Wendy’s Copycat Chili Recipe is easy to put together and a crowd favorite.
This one can be made without beans, simply omit them.
I have used many different recipes in my life, but this is the one that gets requested the most and the one you are likely to find in my freezer all winter long. It tastes just like Wendy’s chili!
You can easily double this recipe. We usually get at least 15 large bowls of chili out of this recipe. When I say large, I mean hungry man-sized bowls. I do double this recipe for gameday playoff parties.
You can count on two things at my house for “The Big Game.” 1 – This hearty beef chili and 2 – my Chicago style shredded Italian beef.
I make this in large batches since it provides me with a few quick painless dinners over the winter, and it is a favorite of impromptu visitors to our house.
It can also be easily reduced. There may be some minor differences between the smaller cans of sauce and tomatoes. No worries.
If you have too little or too much of a can of something, it will be fine, if you have too much of something in a can, just dump it in.
Why is it so thick before I cook it?
It looks so thick because the peppers and onions haven’t had time to break down yet. As the peppers and onions start to wilt they will give off enough liquid to make this the perfect consistency.
Avoid the temptation to add more tomato sauce or any water. Trust the process, there are a lot of vegetables in this recipe!
There will also be liquid from the cans of beans. You really want to use this liquid rather than water for thinning. One, it has a bit of flavor, and two it is thicker than water.
I know I said not to add any liquid but if you do not use beans you won’t have the bean liquid for thinning this out. Use a small can of tomato juice or tomato sauce if necessary.
A slow simmer is the best way to make this.
I do not add the actual beans until the peppers, onions, and celery are soft. Once the beans have been added it may begin to stick to the bottom of the pan if it is not stirred frequently.
If you don’t like beans, leave them out.
You might find that you won’t have as many bowls though. 4 cans of beans equals about 7 cups of volume.
Substitute the beef with ground venison, same with bison or any other protein you choose to use.
I have been known to use half ground pork and half ground beef whenever I can find a meatloaf mix on sale.
This is one of the most forgiving recipes we offer.
Whatever meat I use I like to let some of it cook until it is crispy and dark brown. Browning will add some additional flavor.
Stewed tomatoes are sweeter than diced tomatoes and will help balance out the flavors.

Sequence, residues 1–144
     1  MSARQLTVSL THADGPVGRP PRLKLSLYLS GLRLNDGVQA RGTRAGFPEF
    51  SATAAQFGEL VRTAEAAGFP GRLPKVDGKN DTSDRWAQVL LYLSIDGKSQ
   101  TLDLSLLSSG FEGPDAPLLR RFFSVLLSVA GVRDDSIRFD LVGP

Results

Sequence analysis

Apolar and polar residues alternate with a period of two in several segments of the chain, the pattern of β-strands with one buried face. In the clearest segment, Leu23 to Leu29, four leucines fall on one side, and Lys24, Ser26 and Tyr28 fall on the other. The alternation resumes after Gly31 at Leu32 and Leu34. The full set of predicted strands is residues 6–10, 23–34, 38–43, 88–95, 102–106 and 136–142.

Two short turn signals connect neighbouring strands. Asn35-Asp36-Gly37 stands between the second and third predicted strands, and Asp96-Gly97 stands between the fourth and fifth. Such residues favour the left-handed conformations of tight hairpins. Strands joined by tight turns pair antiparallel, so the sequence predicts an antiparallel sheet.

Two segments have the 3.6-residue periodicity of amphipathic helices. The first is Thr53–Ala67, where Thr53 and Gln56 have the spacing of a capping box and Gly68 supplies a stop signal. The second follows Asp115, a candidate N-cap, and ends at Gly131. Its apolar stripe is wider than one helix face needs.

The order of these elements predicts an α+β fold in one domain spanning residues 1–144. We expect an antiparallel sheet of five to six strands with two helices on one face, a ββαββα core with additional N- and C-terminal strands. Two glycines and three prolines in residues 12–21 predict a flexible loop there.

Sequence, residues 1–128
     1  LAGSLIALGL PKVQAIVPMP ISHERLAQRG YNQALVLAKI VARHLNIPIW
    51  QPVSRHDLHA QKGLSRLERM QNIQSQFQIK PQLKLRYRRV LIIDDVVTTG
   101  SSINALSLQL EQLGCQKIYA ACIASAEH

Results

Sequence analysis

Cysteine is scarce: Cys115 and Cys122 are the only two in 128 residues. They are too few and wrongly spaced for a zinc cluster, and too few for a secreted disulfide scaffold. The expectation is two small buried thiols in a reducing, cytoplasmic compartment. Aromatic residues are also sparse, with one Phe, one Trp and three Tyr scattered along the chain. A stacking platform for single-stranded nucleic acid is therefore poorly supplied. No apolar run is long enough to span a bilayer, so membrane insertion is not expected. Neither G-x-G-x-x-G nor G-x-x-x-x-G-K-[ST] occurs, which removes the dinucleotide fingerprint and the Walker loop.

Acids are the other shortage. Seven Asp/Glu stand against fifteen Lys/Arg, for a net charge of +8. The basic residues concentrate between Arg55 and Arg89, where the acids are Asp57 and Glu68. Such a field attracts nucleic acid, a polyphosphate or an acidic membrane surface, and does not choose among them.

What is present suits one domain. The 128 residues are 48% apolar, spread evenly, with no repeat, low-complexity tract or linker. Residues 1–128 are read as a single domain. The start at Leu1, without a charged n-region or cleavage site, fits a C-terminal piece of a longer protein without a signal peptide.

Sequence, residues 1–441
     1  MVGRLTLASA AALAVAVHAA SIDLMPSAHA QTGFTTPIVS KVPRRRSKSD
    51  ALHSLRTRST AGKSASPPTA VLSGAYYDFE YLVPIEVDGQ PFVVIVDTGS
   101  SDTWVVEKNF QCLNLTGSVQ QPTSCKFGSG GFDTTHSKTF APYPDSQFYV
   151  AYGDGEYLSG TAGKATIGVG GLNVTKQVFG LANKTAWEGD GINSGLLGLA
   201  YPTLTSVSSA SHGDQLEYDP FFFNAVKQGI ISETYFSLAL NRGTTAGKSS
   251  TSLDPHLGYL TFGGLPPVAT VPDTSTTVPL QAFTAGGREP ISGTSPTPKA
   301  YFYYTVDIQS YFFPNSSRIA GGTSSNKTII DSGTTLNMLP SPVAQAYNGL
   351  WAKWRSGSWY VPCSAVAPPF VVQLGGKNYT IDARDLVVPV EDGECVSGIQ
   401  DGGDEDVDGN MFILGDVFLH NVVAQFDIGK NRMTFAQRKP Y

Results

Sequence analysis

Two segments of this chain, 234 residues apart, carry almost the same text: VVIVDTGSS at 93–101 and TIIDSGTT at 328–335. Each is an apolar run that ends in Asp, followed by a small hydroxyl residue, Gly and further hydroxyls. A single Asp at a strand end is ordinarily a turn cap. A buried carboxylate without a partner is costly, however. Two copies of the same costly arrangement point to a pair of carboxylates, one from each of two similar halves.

Break up the tomatoes with a fork or by hand. I pulse them a few times in my food processor to avoid huge chunks of tomatoes.
If you like larger chunks of tomatoes only pulse the tomatoes for 1 to 2 seconds a few times.
I like mine to just a tad smaller than petite diced tomatoes from a can. Don’t drain any of the liquid, dump it straight in.
Make it Spicier
If you want it a touch spicier, add more chili seasoning mix, chili powder, cayenne, cumin, or whatever you like.
You could also use a spicy version of Rotel tomatoes. I use mild because overly spicy isn’t our thing.
When serving I set out chili powder, crushed red pepper, cumin, cayenne pepper, and for those brave souls hot Mexican chili powder.
I also like to offer finely minced onions, shredded cheddar cheese, sour cream, and tortilla chips so people can top their chili the way they like it.
Covered in bowls, it can be stored in the refrigerator for up to 3 days.
It can also be stored in the freezer, in freezer-safe bowls, for up to 3 months. One it has cooled down, it can be placed into freezer bags. Hot food items have the tendency to rupture the seals on baggies. Just trust me on this.
I would place the bags onto a cookie sheet until the chili is frozen before placing right into the freezer shelf, otherwise, you might find your bags of chili frozen around the racks. Ask me how I know?
Frozen chili will reheat the best when it is allowed to thaw before reheating. Reheating chili from its frozen state may result in busted beans.
Microwaving – Use a microwavable bowl and cover it with a paper towel so it doesn’t splatter. Use full power, stopping and stirring every minute or so and continue cooking until heated through.
The best way to reheat leftover chili is to use a small saucepan over low heat. Allow it to come to simmer and continue cooking until heated through.
Prefer Soup? Try one of our soup recipes instead!
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Copycat Wendy's Chili
- 5 pounds ground beef
- 4 stalks celery thinly sliced
- 1 large onion chopped
- 2 bell peppers green, red, or yellow, finely chopped
- 2 cloves garlic finely minced, optional
- 2 28-ounce cans stewed tomatoes broken up into bite-size pieces
- 1 28-ounce can original Rotel tomatoes
- 1 28-ounce can tomato sauce
- 4 chili seasoning mix packets
- 2 14-ounce cans dark red kidney beans do not drain, optional
- 2 14-ounce cans pinto beans do not drain, optional
- Brown ground beef in a large skillet over medium-high heat until some has turned dark brown. Transfer to a large pot.
- Add celery, onion, bell peppers, garlic, canned tomatoes, and chili seasoning to the pot.
- Simmer for an hour or two over low heat. The longer it simmers, the thicker it gets.
- Add the beans with the liquid from the can. Simmer another 30 minutes or until beans are heated through.